In June 1974, JP led a large procession through the streets of Patna which culminated in a call for ‘total revolution’. He urged the dissenters to put pressure on the existing legislators to resign, so as to be able to pull down the Congress government. Further, JP toured across large sections of North India, drawing students, traders and sections of the intelligentsia towards his movement. Opposition parties who were crushed in 1971, saw in JP a popular leader best suited to stand up against Indira Gandhi. While JP accepted the challenge and formed the National Coordination Committee for the purpose, Indira Gandhi soon imposed the Emergency.

Railways strike led by socialist leader George Fernandes

When Bihar was burning in agitations, the country was paralysed by a railways strike led by socialist leader George Fernandes. Lasting for three weeks, in May 1974, the strike resulted in the halt of the movement of goods and people. As many as a million railwaymen participated in the movement. The army was called out to maintain peace. Indira Gandhi’s government came down heavily on the protesters. Thousands of employees were arrested and their families were driven out of their quarters.

Allahabad High Court verdict in the Raj Narain case

While opposition parties, trade unions, students and parts of the intelligentsia had occupied the streets in protest against Indira Gandhi’s government, a new threat emerged before her in the form of a petition filed in the Allahabad High Court by socialist leader Raj Narain. He had lost out to Indira Gandhi in Raebareli parliamentary elections of 1971. The petition accused Indira Gandhi of winning the elections through corrupt practices. It alleged that she spent more money than was allowed and her campaign was carried out by government officials.

On March 19, 1975, Indira Gandhi became the first Indian prime minister to testify in court. On June 12, 1975, Justice Sinha read out the judgment in the Allahabad High Court declaring Indira Gandhi’s election to Parliament as null and void. But she was given a span of 20 days to appeal to the Supreme Court. On June 24, the Supreme Court put a conditional stay on the High Court order. PM Gandhi could attend Parliament, but would not be allowed to vote unless the court pronounced on her appeal. The judgments gave the impetus to the JP movement, convincing them of their demand for the resignation of the prime minister. Further, by now even senior members of the Congress party were of the opinion that her resignation would be favourable to the party. After the Supreme Court judgment, an ordinance was drafted declaring a state of internal emergency and the President signed on it immediately.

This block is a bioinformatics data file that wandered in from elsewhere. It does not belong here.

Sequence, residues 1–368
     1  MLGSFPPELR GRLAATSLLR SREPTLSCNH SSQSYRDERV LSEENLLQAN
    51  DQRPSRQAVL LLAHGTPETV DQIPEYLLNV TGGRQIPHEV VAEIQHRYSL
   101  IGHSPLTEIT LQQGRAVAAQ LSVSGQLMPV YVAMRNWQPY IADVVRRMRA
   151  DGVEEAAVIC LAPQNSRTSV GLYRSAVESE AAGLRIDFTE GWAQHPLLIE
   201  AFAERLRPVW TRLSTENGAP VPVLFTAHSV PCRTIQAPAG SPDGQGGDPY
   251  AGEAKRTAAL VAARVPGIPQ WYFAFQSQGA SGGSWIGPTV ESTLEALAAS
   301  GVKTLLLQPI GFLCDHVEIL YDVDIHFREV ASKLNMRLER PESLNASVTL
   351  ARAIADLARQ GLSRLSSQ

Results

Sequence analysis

Quotes of Indira Gandhi and JP

“I had always believed that Indira Gandhi had no faith in democracy, that she was by inclination and conviction a dictator. This belief has tragically turned out to be true.”

Jayaprakash Narayan, prison diary, entry of 22 July 1975

 

“I have no more powers than I had before.”

Indira Gandhi, in an interview with NBC, 24 August 1975

 

“Today’s papers also publish an Indira Gandhi-Karanjia interview. Most of it is the usual stuff: self-righteousness, smugness, and the pose of being the country’s saviour.”

Jayaprakash Narayan, prison diary, entry of 22 August 1975

 

“I am a very humble person.”

Indira Gandhi, in an interview with the Mauritius Broadcasting Corporation, 4 October 1975

 

“Today the only thing the people are allowed to do is to sing the praises of Mrs. Gandhi.”

Jayaprakash Narayan, prison diary, entry of 7 September 1975

 

“I do not think there is anyone who is less authoritarian than I am.”

Indira Gandhi, in an interview with American journalist Mary Carras, July 1978